February 24, 2015

Gallery Image
Scott Rogers, ALPTRUTH (video installation), 20132015. Courtesy YYZ Artists’ Outlet. Photo: Allan Kosmajac.

I am always suspicious of art about sports. Although I cling to few of the usual hang-ups about what counts as art or not, sports stick for me. Perhaps it’s because sports seem unserious, crassly commercialthey attract manic fandoms and sponsorships, generate exorbitantly paid stars with exorbitantly short careers and rely on overpriced gear with absurdly named components (things like breathable monofilament mesh, abrasion-free flat seams and compression-molded EVA). Sports rhetoric is notoriously facile, too. It’s hard to talk meaningfully about sports when tired phrases are the standard: ones about giving 110 percent or how excuses are the nails used to build the house of failure.

Sports never seem to fall victim to the constant impending crises of funding and relevancy that the arts do: they make none of the same pleas for their own importance. My suspicion of sports includes, admittedly, an element of envy. I envy sports because they know they’re cool. They have endorphins and crowd mentalities on their side. Art can rely consistently on neither of these things. Art’s always trying to prove it’s cool, worthy of the same excitable attention.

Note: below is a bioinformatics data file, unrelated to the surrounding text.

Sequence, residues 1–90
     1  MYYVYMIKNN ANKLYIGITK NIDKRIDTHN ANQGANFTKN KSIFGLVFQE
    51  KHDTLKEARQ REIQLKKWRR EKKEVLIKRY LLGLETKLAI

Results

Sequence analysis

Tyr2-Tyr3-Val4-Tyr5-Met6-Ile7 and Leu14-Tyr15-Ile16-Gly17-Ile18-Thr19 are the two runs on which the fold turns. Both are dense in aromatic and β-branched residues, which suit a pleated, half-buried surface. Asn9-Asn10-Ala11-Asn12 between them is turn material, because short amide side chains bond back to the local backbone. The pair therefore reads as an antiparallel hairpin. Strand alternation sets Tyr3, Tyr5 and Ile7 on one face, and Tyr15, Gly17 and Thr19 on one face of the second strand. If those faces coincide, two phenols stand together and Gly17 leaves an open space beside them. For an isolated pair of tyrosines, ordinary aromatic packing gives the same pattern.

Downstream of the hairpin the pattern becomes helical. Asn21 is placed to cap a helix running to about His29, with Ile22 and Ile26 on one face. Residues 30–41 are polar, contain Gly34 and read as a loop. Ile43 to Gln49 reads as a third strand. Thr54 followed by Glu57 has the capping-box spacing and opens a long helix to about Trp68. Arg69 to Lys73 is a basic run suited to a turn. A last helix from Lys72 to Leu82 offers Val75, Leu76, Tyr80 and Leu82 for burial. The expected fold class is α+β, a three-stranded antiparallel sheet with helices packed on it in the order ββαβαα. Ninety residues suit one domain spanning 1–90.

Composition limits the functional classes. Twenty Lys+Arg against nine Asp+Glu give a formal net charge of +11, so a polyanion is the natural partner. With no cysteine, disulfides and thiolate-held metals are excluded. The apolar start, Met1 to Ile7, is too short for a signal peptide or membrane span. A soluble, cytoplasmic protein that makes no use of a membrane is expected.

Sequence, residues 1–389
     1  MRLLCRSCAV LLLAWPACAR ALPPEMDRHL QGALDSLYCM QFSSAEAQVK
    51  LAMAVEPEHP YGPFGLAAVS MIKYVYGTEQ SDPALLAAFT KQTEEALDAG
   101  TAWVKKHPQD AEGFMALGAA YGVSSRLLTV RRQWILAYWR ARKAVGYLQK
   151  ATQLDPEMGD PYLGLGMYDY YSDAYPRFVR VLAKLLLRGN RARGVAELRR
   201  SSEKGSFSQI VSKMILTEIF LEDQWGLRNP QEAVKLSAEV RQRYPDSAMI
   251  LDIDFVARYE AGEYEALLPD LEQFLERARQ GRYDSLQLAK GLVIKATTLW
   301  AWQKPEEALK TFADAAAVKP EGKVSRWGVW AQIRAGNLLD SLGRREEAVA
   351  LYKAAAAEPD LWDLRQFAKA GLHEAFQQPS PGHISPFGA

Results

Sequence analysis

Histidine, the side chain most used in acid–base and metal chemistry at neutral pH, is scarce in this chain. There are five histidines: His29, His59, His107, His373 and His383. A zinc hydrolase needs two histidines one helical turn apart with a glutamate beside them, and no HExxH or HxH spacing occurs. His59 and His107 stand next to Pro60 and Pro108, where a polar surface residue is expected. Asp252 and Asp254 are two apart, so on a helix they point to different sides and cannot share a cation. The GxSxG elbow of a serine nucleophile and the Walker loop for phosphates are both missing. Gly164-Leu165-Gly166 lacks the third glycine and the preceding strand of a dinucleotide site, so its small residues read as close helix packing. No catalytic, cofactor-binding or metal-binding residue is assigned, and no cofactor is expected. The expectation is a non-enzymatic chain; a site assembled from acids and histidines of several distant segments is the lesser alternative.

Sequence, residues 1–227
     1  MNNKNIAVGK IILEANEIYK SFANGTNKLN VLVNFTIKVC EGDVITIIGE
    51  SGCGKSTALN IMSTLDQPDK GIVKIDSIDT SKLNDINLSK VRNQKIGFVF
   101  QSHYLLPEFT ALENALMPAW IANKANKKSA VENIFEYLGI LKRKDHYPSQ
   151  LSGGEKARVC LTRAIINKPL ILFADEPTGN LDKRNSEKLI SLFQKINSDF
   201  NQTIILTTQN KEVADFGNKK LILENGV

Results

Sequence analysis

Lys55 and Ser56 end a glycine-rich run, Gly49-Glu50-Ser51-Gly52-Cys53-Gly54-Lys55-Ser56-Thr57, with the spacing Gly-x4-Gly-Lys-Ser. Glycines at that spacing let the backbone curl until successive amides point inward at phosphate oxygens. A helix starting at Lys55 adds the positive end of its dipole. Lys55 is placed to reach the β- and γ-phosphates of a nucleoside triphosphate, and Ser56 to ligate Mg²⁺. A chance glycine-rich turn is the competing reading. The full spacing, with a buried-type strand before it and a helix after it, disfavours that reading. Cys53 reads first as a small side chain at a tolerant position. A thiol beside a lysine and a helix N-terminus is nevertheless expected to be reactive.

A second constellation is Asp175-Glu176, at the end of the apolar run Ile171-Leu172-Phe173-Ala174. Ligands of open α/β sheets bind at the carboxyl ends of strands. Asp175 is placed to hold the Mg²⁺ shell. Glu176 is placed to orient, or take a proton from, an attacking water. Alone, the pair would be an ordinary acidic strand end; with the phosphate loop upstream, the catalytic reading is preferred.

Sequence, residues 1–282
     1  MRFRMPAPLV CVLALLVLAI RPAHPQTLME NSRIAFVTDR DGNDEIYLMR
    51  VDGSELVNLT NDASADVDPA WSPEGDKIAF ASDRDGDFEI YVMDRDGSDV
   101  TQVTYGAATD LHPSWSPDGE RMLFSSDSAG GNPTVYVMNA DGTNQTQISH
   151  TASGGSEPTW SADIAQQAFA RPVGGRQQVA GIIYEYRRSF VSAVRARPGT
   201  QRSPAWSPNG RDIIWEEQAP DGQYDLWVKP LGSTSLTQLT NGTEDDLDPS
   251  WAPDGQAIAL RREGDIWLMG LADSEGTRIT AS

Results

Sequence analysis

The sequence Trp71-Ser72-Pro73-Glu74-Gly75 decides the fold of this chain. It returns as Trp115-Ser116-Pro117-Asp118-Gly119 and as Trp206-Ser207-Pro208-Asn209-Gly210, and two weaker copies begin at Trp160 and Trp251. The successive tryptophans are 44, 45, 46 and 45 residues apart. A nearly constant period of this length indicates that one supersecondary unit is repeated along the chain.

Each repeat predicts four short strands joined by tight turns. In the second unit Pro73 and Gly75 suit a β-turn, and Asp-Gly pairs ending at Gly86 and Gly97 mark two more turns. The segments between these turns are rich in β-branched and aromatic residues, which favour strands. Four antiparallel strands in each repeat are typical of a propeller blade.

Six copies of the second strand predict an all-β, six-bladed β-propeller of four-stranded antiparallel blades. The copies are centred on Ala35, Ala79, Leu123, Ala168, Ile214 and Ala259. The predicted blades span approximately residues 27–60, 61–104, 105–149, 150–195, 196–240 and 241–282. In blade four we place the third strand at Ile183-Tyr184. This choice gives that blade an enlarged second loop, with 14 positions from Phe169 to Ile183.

So I was not prepared to be won over by ALPTRUTH, Scott Rogers’s video installation exploring the risky business of backcountry skiing: skiing in uncontrolled or unmarked areas, generally without the use of lifts. The one-room installation at YYZ Artists’ Outletentices at the outset with a strange accumulation of gear: a clothesline draped haphazardly with waterproof garments, a tarp,sale tags and harnesses, a water bottle and a set of conjoined tables covered with maps, carved-open Nalgene bottles, bits of paper, Ziploc bags, dice and rubber balls.

A headlamp casts an eerie glow over the scene. A card on the table reads, Your vehicle was broken into. Come to detachment in Lake Louise when you are back. Take a left at the first intersection. Office next to Petro-Canada.

The setting reads, at first, more as a tabletop-roleplaying game than a hardcore-ski expedition. There’s a distinct element of fantasy and chance that pervades these objects. An accompanying exhibition essay by Samuel Forsythe chronicles the disappearance of two hikers in the Scottish Highlands, resisting an interpretative voice and instead indulging in something far creepier. The narrative makes no direct reference to Rogers’s exhibition, and ends with a search-and-rescue team recounting the uncovering of the hikers’ superstitious rearrangement and defacement of their gear, and a final coded message left at their camp, a reference to Ann Carson’s Plainwater.

Rogers’s video is far less fantastical, but equally menacing. In an all-consuming 40-minute video documenting a risky expedition he took in January 2013, Rogers mines this tension between banal commercialism and the real, almost sublime, bodily fulfillment he finds in the pursuit. By turns ominous and flatly factual, the video combines a lo-fi audio track and first-person footage from a GoPro camera with digitally layered footage from Google Maps, images of brands and key acronyms spelled in yellow block letters across the screen.